"A Sacred Pause"

A Grief Museletter

Muse: to reflect, contemplate, to
meditate in silence on some subject.


“We are not meant to heal our way out of being human.
We are meant to allow being human to heal us.”


To be truly human we must allow ourselves to experience it all. All of the ups and downs, the twists and turns, and all of the feelings that life can trigger in us. Rather than trying to change or fix our human experience, we must allow our human experience to change us. We spend a lot of time trying to control or shape our human experience when in reality it is our experiences in life that shape us.

May we let our humanness shape us into kinder and more compassionate beings.

– Daria

Please feel free to share this “museletter” with others that you think may benefit from it.

A Grief Quarantine

When we are in deep grief it can feel a lot like living in quarantine especially when we live in a grief avoidant culture. Here are some ways that grief can feel like being quarantined.

We feel isolated. In grief, we can feel cut off from the rest of the world. Grief forces us into a place that we don’t want to be. We want to be somewhere else and we want to be doing anything else but this. We want to go back and say all of the things we wish we would have said and we want to do all of the things we wish we would have done before we ended up in this quarantined place. We feel like we live in the land of the lost. It feels as if there is some barrier between us and the rest of the world almost like we are partitioned off (quarantined) as everyone else goes on with life as usual. We can’t reach through the barrier no matter how hard we try and no one outside even knows the barrier exists.

We live in the unknown. We feel like someone flipped a switch and we are living in some alternate universe. We aren’t sure how we got here and we have no idea how long we will be in this place of deep pain. Grief is unpredictable and there is no specific timeline nor are there any easy answers to our complicated questions.

People avoid us. Our culture is uncomfortable with grief so people may avoid us because they don’t know what to say or to do. Our discomfort makes them uncomfortable. It’s as if we are contagious and people fear that our “sickness of grief” will be passed on to them.

We wear a mask. The mask that we wear in grief isn’t the same as the masks that medical personnel wear. Instead, our mask consists of putting on a smile to cover our sadness so we appear to feel better than we actually do. We do this to protect others from our pain as we don’t want to make them uncomfortable.

Some people ignore the quarantine. Some people will pretend like nothing has happened and want us to get back to life as “normal,” get back to who we once were. They want us to stay busy so we keep our mind off of what has happened. Or they remind us we should feel better by now not understanding how deeply our grief has affected us.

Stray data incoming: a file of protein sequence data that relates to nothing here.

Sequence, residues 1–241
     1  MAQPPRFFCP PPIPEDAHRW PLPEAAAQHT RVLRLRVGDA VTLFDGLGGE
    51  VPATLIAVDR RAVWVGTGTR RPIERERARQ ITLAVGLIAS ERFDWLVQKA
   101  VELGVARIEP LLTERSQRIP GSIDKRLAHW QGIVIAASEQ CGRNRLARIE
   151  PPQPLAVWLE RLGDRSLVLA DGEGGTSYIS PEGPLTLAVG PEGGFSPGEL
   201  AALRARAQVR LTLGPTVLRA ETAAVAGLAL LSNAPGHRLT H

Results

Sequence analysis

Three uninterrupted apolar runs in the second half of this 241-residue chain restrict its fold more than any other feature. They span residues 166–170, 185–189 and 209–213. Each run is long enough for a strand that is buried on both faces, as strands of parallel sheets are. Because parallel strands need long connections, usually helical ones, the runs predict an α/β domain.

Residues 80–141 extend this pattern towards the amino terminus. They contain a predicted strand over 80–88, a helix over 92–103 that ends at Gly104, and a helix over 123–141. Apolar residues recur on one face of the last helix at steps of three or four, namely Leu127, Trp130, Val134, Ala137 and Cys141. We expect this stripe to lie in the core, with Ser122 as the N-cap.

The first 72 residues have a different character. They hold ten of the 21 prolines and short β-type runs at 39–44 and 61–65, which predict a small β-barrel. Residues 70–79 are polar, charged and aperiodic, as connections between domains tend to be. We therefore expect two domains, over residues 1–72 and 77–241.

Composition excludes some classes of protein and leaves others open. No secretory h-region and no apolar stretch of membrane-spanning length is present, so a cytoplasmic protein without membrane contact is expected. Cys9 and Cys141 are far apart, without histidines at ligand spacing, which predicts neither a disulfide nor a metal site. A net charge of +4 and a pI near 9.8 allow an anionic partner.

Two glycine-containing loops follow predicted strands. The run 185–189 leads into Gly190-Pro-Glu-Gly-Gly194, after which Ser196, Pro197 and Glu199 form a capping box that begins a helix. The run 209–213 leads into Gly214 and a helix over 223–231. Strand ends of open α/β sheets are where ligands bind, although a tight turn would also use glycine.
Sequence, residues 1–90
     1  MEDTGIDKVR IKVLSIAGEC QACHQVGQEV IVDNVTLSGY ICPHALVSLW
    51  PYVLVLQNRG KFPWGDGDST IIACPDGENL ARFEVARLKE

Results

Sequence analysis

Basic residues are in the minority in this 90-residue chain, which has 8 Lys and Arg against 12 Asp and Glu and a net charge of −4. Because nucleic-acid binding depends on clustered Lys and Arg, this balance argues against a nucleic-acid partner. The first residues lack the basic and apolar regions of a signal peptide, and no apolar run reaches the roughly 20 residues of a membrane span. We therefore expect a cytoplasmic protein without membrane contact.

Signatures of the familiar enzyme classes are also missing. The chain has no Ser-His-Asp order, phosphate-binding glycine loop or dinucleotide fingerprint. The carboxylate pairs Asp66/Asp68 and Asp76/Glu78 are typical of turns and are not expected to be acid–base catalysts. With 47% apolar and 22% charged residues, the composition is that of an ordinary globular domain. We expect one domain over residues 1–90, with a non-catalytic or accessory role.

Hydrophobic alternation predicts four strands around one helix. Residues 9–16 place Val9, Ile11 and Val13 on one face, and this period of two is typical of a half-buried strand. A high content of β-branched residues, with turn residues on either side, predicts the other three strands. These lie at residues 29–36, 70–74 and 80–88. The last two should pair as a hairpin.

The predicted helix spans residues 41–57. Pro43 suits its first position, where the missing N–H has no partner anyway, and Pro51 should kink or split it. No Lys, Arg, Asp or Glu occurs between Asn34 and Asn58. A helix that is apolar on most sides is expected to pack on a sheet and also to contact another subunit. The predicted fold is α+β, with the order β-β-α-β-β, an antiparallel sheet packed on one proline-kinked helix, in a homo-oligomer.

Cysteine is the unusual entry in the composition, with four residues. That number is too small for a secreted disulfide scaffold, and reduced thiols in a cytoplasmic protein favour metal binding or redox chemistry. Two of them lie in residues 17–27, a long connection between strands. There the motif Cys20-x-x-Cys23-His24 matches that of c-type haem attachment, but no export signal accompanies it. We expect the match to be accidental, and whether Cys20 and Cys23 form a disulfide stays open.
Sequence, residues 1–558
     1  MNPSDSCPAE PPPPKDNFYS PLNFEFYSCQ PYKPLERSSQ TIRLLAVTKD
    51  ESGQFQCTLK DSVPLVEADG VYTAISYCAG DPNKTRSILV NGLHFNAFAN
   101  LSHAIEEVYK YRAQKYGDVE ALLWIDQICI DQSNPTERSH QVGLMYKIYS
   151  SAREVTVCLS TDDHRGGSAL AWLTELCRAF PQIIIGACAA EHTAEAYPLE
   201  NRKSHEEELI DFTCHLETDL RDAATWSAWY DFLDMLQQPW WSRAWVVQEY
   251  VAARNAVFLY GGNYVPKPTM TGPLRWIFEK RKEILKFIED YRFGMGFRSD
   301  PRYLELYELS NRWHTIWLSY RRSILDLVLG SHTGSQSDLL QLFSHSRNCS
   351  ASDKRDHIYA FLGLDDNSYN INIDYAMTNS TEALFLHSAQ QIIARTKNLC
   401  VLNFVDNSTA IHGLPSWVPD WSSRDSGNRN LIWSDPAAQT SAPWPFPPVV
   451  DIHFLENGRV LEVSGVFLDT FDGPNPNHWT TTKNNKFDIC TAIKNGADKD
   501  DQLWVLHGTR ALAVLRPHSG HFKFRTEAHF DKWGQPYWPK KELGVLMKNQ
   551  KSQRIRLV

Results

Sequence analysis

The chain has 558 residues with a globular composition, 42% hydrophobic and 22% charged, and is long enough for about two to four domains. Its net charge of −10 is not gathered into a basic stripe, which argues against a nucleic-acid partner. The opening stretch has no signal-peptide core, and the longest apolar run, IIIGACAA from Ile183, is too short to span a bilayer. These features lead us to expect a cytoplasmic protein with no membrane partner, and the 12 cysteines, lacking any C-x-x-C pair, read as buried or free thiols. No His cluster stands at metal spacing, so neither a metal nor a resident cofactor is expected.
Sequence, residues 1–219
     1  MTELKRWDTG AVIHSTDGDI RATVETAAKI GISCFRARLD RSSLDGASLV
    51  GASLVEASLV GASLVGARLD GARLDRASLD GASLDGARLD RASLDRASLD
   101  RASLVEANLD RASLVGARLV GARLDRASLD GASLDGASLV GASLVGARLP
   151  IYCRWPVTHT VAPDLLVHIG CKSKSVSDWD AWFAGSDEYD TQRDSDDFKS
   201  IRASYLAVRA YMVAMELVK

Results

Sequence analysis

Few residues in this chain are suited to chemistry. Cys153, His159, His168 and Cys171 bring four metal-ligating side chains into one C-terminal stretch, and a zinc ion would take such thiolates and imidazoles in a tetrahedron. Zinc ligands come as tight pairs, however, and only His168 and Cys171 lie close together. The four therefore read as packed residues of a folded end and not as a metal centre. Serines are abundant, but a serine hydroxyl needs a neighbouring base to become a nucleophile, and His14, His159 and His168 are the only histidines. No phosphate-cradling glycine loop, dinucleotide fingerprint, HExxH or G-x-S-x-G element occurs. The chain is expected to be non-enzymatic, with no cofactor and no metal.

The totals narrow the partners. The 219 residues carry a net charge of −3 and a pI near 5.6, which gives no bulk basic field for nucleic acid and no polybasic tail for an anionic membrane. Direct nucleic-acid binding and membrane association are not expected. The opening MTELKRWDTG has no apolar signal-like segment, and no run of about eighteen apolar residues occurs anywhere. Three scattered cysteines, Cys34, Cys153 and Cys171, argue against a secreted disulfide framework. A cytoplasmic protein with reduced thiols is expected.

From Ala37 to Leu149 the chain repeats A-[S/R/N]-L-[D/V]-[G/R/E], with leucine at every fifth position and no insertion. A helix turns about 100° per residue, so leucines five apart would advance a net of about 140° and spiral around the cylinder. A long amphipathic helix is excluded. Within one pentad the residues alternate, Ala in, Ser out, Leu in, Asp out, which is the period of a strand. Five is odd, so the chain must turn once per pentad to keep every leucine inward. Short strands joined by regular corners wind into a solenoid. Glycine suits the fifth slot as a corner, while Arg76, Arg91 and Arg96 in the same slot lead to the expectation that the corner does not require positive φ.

We are forever changed. What we learn in our grief quarantine is that our grief never really goes away. It has forever changed us. Even when we step out of this quarantine life will never be the same. Our time in quarantine has made us slow down so we can adequately grieve as well as mourn who and what we have lost as we let this loss change us into better versions of ourselves.

The Written Word

There are many ways to express our grief and putting our thoughts, feelings, and ideas on paper can be a very healing process. The suggested prompts here can be done one time or multiple times. I’ve learned it helps to set a timer for 10-15 minutes and keep your pen moving for the entire time. I encourage using pen and paper rather than a keyboard as there is a hand/heart connection when writing longhand. Don’t worry about spelling, punctuation, or grammar, just write. When the timer goes off you stop writing even if you are in mid-sentence. Don’t reread your work at this time. Just set it aside for a couple of weeks and then go back and see what your words may have to say to you.

(If you choose to use a keyboard the same instructions apply).


Try this writing prompt:

What masks do you wear to hide your grief?


I will list some books, articles, poems, movies, or other resources that I as well as others have found helpful on this grief journey. I hope these resources may deepen your understanding of grief, maybe bring you some sense of comfort, and help you to feel less alone in your grief. 


The Alchemist by Paulo Coelho



Grief Walker

Photo By: Jason Robb

At night,
if I imagined there were eyes
in the soles of my feet,
I could walk in the dark.


In loving memory of my son Jason.